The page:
Glendale Adventist Settles 'Patient Dumping' SuitWednesday, August 27, 2014
Glendale Adventist Hospital reached an agreement on Wednesday to pay $700,000 to settle a city lawsuit accusing it of discharging patients from its emergency room to the streets of downtown Los Angeles, a practice known as patient dumping.
The faith-based non-profit hospital, owned by Adventist Health in Rosemead, also plans to change its policies to align with the Los Angeles' protocols for homeless patients.
The suit, filed last week by L.A. City Attorney Mike Feuer, accused the hospital of illegally discharging mentally ill and disabled patients in Skid Row section of downtown.
“Patient dumping will not be tolerated and we will continue to work aggressively until it ceases to exist,” said City Attorney Mike Feuer, in a statement. “Every discharged patient, homeless or housed, should be able to recuperate with dignity.”
The settlement includes a $500,000 civil penalty, $100,000 for the city’s legal costs and a $100,000 donation to the non-profit L.A. Family Housing in North Hollywood.
The hospital did not admit to wrongdoing, saying it had long worked with homeless service agencies and settled the lawsuit to avoid the expense of fighting the allegations, according to a statement emailed by hospital spokeswoman Alicia Gonzalez.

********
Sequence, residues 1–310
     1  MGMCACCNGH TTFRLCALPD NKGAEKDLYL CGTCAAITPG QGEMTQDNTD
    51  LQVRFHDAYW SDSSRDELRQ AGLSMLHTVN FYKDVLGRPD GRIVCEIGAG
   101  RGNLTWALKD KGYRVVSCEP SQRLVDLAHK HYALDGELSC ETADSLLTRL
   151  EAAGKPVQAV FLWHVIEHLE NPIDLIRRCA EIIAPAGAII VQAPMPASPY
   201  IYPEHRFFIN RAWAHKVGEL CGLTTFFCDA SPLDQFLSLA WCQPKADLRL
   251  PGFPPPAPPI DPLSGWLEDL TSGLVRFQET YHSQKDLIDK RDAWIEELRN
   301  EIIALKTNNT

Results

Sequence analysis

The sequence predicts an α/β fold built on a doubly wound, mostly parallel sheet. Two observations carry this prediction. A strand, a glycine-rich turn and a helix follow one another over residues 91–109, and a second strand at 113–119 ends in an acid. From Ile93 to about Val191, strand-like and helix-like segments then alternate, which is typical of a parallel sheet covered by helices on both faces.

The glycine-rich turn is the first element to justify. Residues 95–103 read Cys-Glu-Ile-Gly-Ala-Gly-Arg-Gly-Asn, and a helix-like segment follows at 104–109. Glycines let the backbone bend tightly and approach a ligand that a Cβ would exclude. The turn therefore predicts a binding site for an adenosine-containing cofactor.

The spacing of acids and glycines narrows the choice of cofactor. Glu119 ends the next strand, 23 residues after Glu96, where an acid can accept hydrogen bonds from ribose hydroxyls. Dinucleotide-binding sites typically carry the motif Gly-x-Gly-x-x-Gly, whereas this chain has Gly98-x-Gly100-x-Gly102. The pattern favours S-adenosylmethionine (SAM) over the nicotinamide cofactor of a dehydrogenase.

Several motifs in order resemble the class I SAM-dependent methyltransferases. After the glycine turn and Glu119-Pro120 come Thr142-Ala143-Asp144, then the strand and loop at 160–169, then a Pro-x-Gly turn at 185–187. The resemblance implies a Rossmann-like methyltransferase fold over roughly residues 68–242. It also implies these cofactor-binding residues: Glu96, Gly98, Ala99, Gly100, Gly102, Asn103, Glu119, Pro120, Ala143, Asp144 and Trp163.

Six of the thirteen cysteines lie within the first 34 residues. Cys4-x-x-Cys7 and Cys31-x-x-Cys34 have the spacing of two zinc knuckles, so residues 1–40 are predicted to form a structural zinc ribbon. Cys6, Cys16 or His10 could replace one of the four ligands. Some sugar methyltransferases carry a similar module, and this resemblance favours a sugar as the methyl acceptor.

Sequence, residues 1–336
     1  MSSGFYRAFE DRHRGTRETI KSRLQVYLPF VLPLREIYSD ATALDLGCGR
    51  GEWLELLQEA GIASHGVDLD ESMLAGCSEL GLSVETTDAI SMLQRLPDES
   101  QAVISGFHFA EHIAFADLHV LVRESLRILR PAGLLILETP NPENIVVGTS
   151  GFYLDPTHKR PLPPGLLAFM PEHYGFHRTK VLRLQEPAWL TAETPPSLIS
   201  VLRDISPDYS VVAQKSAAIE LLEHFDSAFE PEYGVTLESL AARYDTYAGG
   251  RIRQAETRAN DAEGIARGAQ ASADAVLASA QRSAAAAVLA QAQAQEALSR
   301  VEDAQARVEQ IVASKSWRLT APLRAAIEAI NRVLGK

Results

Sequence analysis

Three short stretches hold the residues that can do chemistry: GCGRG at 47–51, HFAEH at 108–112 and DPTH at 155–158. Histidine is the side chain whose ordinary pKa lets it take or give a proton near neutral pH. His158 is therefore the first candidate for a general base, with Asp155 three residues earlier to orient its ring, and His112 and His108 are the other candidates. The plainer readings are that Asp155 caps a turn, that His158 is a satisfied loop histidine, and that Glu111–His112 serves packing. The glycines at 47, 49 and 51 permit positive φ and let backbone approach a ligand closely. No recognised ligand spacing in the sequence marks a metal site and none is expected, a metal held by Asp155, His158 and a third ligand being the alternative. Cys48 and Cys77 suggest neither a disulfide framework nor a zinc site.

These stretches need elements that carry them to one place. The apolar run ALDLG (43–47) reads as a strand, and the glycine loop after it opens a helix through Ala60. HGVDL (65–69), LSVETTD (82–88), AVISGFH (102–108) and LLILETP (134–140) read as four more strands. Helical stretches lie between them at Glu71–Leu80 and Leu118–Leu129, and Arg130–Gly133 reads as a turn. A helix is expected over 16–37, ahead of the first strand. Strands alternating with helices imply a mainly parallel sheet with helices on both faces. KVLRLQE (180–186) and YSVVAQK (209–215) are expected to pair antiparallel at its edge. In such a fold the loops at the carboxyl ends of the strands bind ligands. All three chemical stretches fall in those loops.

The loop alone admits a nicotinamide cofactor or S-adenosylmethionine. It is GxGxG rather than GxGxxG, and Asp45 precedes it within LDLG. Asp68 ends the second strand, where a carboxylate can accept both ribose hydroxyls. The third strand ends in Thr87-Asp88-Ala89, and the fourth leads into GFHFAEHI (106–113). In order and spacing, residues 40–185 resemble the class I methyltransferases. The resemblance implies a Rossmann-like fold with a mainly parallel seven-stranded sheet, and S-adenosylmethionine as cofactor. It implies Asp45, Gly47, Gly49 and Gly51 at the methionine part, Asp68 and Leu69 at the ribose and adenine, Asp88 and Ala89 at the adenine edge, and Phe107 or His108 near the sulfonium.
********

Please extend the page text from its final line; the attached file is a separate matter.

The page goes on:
"Glendale Adventist Medical Center has always been deeply committed to providing appropriate discharge options to all patients and we have adjusted our policies to further align with the City of Los Angeles’ specific protocols for the discharge of homeless patients," the statement read.
This is the third patient dumping case brought by Feuer since the beginning of the year, including a May action against Pacifica Hospital of the Valley in Sun Valley. That hospital paid $500,000 to homeless groups and signed an agreement with the city to settle a similar suit by Feuer that alleged it dumped patients downtown.
The city’s discharge policy requires hospitals to identify homeless patients, provide them with appropriate social services, attempt to contact family members and to find appropriate housing or shelter, among other steps.